White Men's Electability Advantage is a Myth | Opinion

Google the word "electable" right now, and you'll get nearly 800,000 hits. The historically diverse field of presidential candidates is driving endless speculation over who is and isn't "electable," a term loaded with presumptions about the popularity of white male candidates with voters.

But being a white man actually gets you zero advantage at the polls. After analyzing how race and gender played out in the 2018 general election, those of us at the Reflective Democracy Campaign found that when they're on the ballot, women of all races and men of color win as often as white men do. In the 2018 election, women of color were 4 percent of candidates and 5 percent of winners. Men of color were 6 percent of candidates and 7 percent of winners, while white women were 28 percent of candidates and 29 percent of winners.

In fact, the only demographic to dip slightly was white men, who were 61 percent of candidates and 60 percent of winners. While they inarguably dominate politics—at 30 percent of the population white men hold 62 percent of local, state and federal elected offices—it's not because they're more electable.

Pundits and political gatekeepers still buy (and sell) the myth of white male electability, so the structural barriers to women and people of color running for office stay in place. U.S. politics has always been awash with white men. They used to have the field to themselves, so, of course, they won a lot of elections.

The gatekeepers choosing candidates are mostly white men too, and in that echo chamber of party bosses and major donors, candidates who aren't white men look risky and unfamiliar. The political status quo is white men making decisions, and the rest of us choosing which white men get to make them. The electability myth protects the current system, and for that reason alone it's hard to dislodge.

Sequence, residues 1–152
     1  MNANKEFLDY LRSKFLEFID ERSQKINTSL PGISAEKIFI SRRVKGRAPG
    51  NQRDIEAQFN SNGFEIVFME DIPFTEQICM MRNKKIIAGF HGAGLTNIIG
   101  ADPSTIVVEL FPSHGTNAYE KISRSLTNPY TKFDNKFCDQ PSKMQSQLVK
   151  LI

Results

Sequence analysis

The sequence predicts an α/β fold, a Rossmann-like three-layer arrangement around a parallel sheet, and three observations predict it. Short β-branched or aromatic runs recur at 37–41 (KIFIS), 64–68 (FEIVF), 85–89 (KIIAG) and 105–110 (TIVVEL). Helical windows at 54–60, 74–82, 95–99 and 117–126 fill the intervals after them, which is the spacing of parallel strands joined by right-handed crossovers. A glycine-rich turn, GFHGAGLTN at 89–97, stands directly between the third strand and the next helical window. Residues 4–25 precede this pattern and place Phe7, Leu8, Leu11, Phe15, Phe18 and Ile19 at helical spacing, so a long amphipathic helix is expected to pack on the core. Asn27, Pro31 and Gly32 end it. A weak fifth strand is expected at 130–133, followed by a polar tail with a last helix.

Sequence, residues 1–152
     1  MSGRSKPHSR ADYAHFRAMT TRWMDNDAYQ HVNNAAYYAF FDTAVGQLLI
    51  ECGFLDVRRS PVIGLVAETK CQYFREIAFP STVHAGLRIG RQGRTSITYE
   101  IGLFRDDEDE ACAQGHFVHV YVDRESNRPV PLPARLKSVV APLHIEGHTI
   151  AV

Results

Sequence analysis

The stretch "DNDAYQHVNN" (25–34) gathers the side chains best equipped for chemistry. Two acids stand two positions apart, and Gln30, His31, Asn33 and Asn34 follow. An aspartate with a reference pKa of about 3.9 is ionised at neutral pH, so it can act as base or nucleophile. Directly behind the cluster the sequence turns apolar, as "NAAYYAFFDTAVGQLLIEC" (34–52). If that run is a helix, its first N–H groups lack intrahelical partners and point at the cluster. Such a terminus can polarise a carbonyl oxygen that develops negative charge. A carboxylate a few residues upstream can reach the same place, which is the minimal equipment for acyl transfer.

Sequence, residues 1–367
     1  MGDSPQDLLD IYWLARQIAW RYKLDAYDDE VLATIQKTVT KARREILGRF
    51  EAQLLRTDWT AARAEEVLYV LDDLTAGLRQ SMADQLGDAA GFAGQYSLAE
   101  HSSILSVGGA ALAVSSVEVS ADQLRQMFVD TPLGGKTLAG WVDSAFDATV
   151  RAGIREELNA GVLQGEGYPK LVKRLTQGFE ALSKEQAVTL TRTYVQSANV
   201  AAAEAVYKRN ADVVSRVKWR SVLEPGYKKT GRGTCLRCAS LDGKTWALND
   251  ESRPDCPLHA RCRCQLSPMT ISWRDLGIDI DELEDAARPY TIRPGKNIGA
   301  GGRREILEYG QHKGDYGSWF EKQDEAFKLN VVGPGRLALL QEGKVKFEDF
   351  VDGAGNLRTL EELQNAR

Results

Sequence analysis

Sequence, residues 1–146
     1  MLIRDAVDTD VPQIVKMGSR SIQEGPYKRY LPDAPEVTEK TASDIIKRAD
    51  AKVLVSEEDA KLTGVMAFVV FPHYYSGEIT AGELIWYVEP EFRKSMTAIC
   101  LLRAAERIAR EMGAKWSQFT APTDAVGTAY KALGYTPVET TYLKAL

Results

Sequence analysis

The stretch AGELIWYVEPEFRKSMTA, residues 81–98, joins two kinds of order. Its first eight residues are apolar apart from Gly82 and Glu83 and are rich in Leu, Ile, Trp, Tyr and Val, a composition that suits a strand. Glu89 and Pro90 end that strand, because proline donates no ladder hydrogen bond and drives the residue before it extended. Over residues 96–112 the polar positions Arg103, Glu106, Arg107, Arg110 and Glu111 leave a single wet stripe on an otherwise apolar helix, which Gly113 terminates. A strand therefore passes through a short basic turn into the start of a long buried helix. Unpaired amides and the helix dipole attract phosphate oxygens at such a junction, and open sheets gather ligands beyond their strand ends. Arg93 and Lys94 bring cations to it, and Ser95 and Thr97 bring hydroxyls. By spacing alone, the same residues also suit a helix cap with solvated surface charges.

Each time we survey voters, a bi-partisan majority wants leaders who better reflect America's diverse population, and in 2018, women of all races made astonishing gains at the polls. Forty-seven states added more women state legislators, and women's headcount in Congress grew by 21 percent. Men of color also made modest gains, though in the #metoo era, it is women doing the heavy lifting in shifting the demographics of political power.

You can also safely ignore the claim that executive office is different, and voters only trust white men in that role. Our research found that women's share of statewide executive offices like governor, attorney general and treasurer has increased by 57 percent since 2015. In 2018 alone, we elected five of our nine female governors in office.

Once you know the truth, it's hard not to notice how the electability myth—a powerful relic from a time when only white men were considered viable candidates, a belief openly reinforced by a panoply of racist and misogynist tropes—shapes our political landscape today. The persistent assumption that the safest path to victory is a white man pops up daily in new reports and commentaries, shaping our perceptions and anxieties about the 2020 election.

Here is permission to let it go: Your candidate, be it a woman of any race, a white man, or a man of color, is no more or less likely to win based on their demographic profile. Lots of factors are at play in every election. But the greater electability of white men? That's not one of them.

Brenda Choresi Carter is the Director of the Reflective Democracy Campaign.

The views expressed in this article are the author's own.​​​​​